The importance of balancing reflection and activism.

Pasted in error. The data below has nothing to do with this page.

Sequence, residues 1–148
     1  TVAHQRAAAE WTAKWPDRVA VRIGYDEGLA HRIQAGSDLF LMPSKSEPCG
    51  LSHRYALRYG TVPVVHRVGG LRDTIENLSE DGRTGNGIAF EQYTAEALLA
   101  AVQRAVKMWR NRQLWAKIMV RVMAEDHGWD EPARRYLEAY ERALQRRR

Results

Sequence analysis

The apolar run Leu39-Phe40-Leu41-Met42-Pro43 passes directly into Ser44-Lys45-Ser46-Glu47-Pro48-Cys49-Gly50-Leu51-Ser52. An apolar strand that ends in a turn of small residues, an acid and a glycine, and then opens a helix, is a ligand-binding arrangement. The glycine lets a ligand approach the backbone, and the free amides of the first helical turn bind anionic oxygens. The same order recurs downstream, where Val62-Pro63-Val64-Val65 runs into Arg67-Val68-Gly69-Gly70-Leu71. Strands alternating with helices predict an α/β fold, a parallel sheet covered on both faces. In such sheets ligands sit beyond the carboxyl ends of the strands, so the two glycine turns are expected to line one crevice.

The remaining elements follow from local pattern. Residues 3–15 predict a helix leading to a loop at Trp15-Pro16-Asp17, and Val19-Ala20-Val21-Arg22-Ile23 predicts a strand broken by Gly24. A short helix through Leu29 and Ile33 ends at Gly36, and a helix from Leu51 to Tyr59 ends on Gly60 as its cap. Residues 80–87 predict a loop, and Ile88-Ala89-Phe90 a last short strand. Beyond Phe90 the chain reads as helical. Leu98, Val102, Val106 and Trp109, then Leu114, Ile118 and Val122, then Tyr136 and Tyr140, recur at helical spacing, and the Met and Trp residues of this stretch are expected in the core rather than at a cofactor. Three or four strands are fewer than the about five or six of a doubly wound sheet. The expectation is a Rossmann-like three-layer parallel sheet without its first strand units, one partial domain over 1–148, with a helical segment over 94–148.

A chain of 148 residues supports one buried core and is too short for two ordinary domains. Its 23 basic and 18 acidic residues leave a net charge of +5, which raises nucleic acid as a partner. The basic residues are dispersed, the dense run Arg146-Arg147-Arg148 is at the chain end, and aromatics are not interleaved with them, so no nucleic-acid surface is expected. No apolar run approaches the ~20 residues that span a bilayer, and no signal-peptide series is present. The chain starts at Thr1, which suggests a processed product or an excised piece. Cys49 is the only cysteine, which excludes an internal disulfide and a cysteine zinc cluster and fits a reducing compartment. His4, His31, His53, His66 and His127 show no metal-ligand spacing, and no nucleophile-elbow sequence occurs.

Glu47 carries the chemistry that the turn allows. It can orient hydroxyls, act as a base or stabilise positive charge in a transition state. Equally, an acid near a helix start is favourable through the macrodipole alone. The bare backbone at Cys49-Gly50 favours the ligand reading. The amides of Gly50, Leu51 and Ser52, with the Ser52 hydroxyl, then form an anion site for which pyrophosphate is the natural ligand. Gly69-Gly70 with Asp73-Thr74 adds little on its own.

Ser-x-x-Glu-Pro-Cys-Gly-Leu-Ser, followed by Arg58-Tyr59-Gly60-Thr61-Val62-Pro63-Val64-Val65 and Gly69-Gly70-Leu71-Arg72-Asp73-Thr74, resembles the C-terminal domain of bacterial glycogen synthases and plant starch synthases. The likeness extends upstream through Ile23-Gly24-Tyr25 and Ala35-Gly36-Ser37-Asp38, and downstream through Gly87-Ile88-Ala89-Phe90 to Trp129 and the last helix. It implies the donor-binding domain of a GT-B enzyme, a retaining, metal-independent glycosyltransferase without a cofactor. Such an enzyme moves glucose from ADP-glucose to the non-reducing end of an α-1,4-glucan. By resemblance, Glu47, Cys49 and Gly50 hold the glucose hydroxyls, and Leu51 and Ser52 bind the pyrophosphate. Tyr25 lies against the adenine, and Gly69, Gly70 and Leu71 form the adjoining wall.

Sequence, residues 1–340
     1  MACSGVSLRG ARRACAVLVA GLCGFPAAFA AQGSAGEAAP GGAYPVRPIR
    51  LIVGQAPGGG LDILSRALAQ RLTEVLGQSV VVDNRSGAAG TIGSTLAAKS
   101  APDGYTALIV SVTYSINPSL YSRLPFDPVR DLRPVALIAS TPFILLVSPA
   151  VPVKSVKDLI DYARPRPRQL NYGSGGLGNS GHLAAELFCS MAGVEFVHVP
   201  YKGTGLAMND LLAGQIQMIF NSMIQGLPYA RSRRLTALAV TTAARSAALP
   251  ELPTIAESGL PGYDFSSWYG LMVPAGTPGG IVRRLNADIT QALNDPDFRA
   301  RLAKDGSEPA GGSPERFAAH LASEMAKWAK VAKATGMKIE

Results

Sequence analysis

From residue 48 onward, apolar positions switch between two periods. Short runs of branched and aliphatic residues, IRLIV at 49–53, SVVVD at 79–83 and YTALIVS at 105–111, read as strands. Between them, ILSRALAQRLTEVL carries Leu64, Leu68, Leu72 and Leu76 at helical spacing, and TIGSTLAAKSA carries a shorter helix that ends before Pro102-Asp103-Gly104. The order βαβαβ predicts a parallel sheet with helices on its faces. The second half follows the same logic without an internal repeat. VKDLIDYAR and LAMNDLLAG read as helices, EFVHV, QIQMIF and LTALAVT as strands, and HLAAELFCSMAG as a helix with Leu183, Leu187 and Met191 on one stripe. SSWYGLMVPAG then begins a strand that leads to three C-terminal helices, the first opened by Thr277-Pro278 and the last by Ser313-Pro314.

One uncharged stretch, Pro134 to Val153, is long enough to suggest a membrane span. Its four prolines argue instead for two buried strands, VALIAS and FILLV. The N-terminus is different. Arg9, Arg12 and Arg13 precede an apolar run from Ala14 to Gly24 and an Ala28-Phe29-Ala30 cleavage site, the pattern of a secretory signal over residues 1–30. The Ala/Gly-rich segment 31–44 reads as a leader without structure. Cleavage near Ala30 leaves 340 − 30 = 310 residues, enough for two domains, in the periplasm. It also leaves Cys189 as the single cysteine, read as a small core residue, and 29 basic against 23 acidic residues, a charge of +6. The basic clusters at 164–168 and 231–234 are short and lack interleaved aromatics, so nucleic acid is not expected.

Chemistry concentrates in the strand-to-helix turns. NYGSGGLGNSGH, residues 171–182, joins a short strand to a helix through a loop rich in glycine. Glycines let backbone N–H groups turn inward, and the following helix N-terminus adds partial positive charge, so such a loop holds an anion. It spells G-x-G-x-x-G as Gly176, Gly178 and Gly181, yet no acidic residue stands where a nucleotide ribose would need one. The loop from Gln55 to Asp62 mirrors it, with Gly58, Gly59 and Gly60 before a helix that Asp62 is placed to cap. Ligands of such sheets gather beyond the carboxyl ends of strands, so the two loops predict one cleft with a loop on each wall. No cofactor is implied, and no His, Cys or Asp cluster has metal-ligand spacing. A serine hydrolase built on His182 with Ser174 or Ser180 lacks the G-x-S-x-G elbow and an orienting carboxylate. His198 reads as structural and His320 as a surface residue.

Jim Wallis: Well first of all when I’m out speaking, I always really enjoy when somebody raises their hand and says, “I’m a secularist. I’m not a religious person. I’m an atheist, but I didn’t feel kicked to the curb tonight. I felt welcomed into a conversation – a moral discourse on politics.” This isn’t a religious litmus test, but we have to have a moral discourse on politics. We find common ground by moving to higher ground. That’s the way you always do it. I think Washington, D.C. where I live takes an issue and does two things. Firstly they blame it on the other side and make you afraid of it – politics of blame, politics of fear. They never get back to solving the problem. I think America is hungry for a politics of solutions and a politics of hope. There are liberal ideas. There are conservative ideas. And there are ideas that we haven’t thought of yet that are going to be necessary to find solutions. So I want to really find the cross-cutting issues. I love to work with people on the other side of political spectrum on something like Darfur, or comprehensive immigration reform, or climate change, or global poverty. That’s when you really feel like you’re transcending left and right and going to a whole different place. The country doesn’t want to go left or right. They want to go deeper, you know? Is there a moral center? Not a mushy political middle just cutting the difference in half; but what are the moral choices and challenges that lie right beneath our political debate? Whoever can articulate those questions I think will get a great resonance among the American people.